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|Title:||The distribution, impact and potential management of the introdued vine Passiflora mollissima (Passifloraceae) in Hawai'i|
|Authors:||Warshauer, Frederick R.|
Jacobi, James D.
La Rosa, Anne Marie
Scott, J Michael
Smith, Clifford W.
|LC Subject Headings:||Invasive plants -- Hawaii.|
Passiflora mollissima -- Control -- Hawaii.
|Publisher:||Cooperative National Park Resources Studies Unit, University of Hawaii at Manoa, Department of Botany|
|Citation:||Warshauer FR, Jacobi JD, La Rosa AM, Scott JM, Smith CW. 1983. The distribution, impact and potential management of the introdued vine Passiflora mollissima (Passifloraceae) in Hawai'i. Honolulu (HI): Cooperative National Park Resources Studies Unit, University of Hawaii at Manoa, Department of Botany. PCSU Technical Report, 48.|
|Series/Report no.:||Technical Report|
|Abstract:||Passiflora mollissima, a weedy vine introduced to Hawai'i, infests significant portions of two of the major islands, Hawai'i and Kaua'i. It grows between 600 and 2200 m elevation in areas where the rainfall does not exceed 5100 mm. The vine is distributed continuously over a total of 190 km² and in more widely scattered populations over an additional 330 km². Man has been |
the principle agent of introduction for this species. However, intermediate-distance dispersal may be affected by introduced gallincaeous birds and cattle. Locally feral pigs are the major dispersal agent. Passiflora mollissima inhabits many of the major upland vegetation types in Hawaii but is most successful in mesic Acacia koa - Metrosideros polymorpha forests. Although over much of its current range its foliage cover is less than 25%, in some areas it is so dense that it smothers large tracts of native forest. Potential impacts of the infestation on depleted and endangered endemic organisms are also discussed. It is concluded that P. mollissima has become too widespread for successful mechanical or chemical control except in are as of recent local introduction. Prospects for biological control of this species are discussed in the context of current research efforts and practical problems related to a commercially grown congener.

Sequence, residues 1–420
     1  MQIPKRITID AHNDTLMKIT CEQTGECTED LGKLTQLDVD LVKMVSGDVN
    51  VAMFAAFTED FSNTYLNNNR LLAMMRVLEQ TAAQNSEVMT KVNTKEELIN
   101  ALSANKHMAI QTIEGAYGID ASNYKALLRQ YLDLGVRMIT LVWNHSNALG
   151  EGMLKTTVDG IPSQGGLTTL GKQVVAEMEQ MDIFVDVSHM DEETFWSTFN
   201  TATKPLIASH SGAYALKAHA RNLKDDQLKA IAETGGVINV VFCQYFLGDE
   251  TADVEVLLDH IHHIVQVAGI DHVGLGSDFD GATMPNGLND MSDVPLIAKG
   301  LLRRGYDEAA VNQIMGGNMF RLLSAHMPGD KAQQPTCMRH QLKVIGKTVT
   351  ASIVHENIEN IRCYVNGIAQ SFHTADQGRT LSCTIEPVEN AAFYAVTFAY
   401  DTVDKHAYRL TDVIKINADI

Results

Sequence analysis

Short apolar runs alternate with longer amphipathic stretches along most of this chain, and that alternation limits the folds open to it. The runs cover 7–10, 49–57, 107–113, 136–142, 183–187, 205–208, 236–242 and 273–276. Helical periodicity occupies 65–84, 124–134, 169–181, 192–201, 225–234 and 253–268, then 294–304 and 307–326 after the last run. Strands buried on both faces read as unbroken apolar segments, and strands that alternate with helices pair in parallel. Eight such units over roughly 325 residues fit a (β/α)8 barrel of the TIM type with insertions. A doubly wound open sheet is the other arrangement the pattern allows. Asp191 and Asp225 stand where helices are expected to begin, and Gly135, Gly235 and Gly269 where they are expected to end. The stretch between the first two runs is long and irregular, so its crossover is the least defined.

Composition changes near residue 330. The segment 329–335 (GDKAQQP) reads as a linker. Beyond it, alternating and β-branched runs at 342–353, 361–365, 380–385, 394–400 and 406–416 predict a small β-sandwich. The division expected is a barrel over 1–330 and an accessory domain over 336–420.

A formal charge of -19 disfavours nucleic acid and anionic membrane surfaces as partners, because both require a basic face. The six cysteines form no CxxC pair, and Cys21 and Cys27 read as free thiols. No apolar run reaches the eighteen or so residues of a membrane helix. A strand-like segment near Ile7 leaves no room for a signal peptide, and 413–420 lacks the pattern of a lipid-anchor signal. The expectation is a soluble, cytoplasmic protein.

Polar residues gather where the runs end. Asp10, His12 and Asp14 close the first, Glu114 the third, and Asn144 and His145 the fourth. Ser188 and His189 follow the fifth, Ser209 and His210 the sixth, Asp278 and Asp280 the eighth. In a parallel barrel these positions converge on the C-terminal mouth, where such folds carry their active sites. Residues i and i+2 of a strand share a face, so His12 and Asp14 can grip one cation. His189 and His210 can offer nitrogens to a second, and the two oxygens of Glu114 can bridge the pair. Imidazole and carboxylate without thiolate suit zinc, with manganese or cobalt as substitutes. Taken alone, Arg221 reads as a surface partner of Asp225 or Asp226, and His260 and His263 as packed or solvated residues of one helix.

|Description:||Reports were scanned in black and white at a resolution of 600 dots per inch and were converted to text using Adobe Paper Capture Plug-in.|
|Sponsor:||U.S. Fish and Wildlife Service; Cooperative National Parks Reseach Studies Unit, Department of Botany, University of Hawai’i; Institute of Pacific Islands Forestry, U.S. Forest Service; Hawaii Volcanoes National Park, Resources Management Division; Hawaii Office of the Nature Conservancy|
|Appears in Collections:||The PCSU and HPI-CESU Technical Reports 1974 - current|
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